It goes without saying that water is important in the desert and in Joshua Tree that is no different. A dam was built here by early pioneers to improve a natural tank in the granite outcrops.
A rancher by the name of C.O. Barker built it around 1902 to water his cattle. Along with the nearby Cow Camp reservoir, it was an important watering hole for cattle and miners alike, who competed with each other for the water.
Barker and a man named Shay set up camp at Cow Camp in direct competition with Keys for use of the Barker Reservoir. In 1917, Keys added on to the dam in an effort to claim it from the cattlemen. Bill Keys and family built the unusual double-ring water trough below the dam and added six feet to the top of the dam in 1949-50, renamed it the “Big Horn Dam”.
These days, the trail tends to be well-visited and it is unlikely you will be alone. However, Barker Dam is a wonderfully unique place, and the trail is a great one to bring children along and introduce them to quintessential Joshua Tree.
Park at the graded dirt Barker Dam parking lot in Joshua Tree National Park. It is about a mile north of the Hidden Valley Campground. It is easy to find, just follow the signs.
|Hike Distance||1.3 miles (2.1km) Loop|
|Elevation Gain, Loss||120 ft (37m) gain round trip|
|Hike Time||30 minutes|
From the restroom at the parking lot, follow the trail that heads northwest into the amazing giant granite (White Tank monzogranite) boulder wilderness of the Wonderland of Rocks. You quickly come to a trail junction in a sandy wash where the trail begins its loop. I prefer to continue straight to Barker Dam, but you can just as easily make a left here and follow the loop the other way around. The remarkably straight trail continues through an ancient joint in the bedrock that has been eroded away into this small canyon. There are some small steps and boulders to scramble over but nothing difficult.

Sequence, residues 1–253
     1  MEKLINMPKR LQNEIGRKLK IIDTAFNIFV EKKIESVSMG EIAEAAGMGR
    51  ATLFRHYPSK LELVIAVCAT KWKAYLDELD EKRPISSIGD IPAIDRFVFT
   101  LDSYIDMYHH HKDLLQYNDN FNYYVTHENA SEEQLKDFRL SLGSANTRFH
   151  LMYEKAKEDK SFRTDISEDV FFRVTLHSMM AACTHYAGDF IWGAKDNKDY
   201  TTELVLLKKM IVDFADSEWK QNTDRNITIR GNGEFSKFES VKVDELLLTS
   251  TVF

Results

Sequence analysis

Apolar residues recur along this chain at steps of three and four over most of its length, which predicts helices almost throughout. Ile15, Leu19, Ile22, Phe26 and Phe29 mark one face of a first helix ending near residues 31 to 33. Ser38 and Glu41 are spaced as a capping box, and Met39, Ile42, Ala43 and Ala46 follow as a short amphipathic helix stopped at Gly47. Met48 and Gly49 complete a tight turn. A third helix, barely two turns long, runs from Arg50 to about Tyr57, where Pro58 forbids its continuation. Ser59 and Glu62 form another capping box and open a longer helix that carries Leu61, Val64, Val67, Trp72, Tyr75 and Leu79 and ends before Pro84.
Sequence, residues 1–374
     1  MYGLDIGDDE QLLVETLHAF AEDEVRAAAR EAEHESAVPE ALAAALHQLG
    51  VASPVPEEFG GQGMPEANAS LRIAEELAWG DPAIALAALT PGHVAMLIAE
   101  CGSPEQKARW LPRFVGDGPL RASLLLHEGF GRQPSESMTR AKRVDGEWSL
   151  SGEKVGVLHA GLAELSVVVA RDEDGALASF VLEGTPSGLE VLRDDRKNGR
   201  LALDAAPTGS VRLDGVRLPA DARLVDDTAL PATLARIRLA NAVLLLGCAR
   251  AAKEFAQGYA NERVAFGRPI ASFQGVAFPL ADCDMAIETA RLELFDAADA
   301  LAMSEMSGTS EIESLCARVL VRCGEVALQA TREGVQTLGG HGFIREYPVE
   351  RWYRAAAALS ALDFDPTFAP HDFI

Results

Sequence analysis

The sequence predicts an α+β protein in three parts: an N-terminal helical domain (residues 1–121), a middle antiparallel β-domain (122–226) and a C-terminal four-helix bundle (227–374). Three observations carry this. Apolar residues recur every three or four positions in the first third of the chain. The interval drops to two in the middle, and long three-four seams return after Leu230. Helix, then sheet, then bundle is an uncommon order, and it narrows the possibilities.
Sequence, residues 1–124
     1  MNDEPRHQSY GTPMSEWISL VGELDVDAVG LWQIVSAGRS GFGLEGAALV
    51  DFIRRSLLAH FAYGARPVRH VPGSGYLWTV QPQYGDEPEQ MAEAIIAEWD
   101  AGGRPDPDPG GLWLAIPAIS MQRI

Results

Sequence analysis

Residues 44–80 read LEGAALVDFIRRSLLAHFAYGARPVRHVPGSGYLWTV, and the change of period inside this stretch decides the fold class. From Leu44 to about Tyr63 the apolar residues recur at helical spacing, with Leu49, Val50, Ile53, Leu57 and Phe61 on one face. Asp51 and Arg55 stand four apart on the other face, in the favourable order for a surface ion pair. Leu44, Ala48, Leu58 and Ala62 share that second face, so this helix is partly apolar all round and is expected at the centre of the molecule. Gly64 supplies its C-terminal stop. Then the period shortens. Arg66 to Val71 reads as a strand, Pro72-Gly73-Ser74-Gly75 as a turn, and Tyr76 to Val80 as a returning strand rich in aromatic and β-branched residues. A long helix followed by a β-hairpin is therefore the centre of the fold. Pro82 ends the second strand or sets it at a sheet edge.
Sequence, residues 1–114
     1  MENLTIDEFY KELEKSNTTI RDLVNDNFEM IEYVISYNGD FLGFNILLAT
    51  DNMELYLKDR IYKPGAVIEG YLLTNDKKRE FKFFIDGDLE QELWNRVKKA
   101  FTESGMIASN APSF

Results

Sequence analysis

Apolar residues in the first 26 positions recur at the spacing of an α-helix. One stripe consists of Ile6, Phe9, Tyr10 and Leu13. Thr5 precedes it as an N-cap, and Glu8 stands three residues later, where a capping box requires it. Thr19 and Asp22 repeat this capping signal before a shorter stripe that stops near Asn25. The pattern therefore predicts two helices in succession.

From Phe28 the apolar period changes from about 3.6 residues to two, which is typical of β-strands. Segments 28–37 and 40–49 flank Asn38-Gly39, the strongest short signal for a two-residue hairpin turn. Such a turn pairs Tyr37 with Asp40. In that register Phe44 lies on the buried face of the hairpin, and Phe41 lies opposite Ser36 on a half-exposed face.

Early in the season or after a big rain, there will be water in the pond behind Barker Dam, sometimes quite a bit. It is an important watering hole for wildlife in this area with few other sources of available water. If things are quiet, bighorn sheep will occasionally come down for a twilight drink. Surprisingly, I have seen frogs here too. Shortly after a rain, they will sprout up seemingly out of thin air. Their lifespan is short in this harsh environment. Then they must mate quickly to continue their cycle of life. The pond is a great place to sit quietly at sunset.
The trail can be a little tricky to find around the pond. It skirts wide of the pond to the south (on the left-hand side) and scrambles over bedrock and boulders. If you head over the top of the dam, you are on the right course. Climb down to the bottom of the dam on the other side. Below the dam are the remains of a double rim cattle watering trough built by Keys in 1939.
From there, head west and down onto flat ground. The trail is easy to follow from here on out. Small informational signs of plants and history line the trail as it makes its way across the flat. This area is known as Piano Flat and out in the middle stands an outcrop of granite called Piano Rock, so called because it looks like a piano from some angles. After 0.3 miles, you will have crossed the flat and come to another large outcrop of boulders. One of them has a large alcove overhang. Tucked inside the alcove are a set of artificially painted pictographs known locally as the “Disney Pictographs.” Legend has it these were once a set of authentic pictographs. A film crew, contracted by Disney for work on a film project, painted over the original faint pictographs to be able to see them better and added some of their own for effect. The damage, of course, is irreversible. Still, it is an interesting site to visit and marvel at once was.
From the pictographs, turn left (east) and follow along the boulder wall until the trail enters a short canyon and meets up at the trail junction. Turn right here and head back to the parking lot.
This trail tends to be well-visited, and it is unlikely you will be alone. However, Barker Dam is a wonderfully unique place, and the trail is a great one to bring children along and introduce them to quintessential Joshua Tree.